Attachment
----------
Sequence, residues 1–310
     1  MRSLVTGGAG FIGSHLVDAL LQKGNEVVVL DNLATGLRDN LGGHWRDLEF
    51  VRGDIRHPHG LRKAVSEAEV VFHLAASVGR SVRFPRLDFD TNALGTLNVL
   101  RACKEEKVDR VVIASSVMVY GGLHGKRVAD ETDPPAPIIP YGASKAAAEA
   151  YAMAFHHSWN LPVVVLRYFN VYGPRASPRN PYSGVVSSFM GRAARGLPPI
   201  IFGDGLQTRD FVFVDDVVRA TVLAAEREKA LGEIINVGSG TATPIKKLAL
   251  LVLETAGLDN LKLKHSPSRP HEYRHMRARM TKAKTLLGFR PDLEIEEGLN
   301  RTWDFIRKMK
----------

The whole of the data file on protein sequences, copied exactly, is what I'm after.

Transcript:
Sequence, residues 1–310
     1  MRSLVTGGAG FIGSHLVDAL LQKGNEVVVL DNLATGLRDN LGGHWRDLEF
    51  VRGDIRHPHG LRKAVSEAEV VFHLAASVGR SVRFPRLDFD TNALGTLNVL
   101  RACKEEKVDR VVIASSVMVY GGLHGKRVAD ETDPPAPIIP YGASKAAAEA
   151  YAMAFHHSWN LPVVVLRYFN VYGPRASPRN PYSGVVSSFM GRAARGLPPI
   201  IFGDGLQTRD FVFVDDVVRA TVLAAEREKA LGEIINVGSG TATPIKKLAL
   251  LVLETAGLDN LKLKHSPSRP HEYRHMRARM TKAKTLLGFR PDLEIEEGLN
   301  RTWDFIRKMK